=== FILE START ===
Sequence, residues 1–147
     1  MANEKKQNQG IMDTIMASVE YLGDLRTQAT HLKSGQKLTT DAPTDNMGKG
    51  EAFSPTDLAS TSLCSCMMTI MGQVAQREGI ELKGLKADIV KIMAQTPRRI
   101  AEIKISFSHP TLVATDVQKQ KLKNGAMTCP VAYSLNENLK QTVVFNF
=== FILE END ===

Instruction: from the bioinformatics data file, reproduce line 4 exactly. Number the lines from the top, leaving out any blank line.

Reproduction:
   101  AEIKISFSHP TLVATDVQKQ KLKNGAMTCP VAYSLNENLK QTVVFNF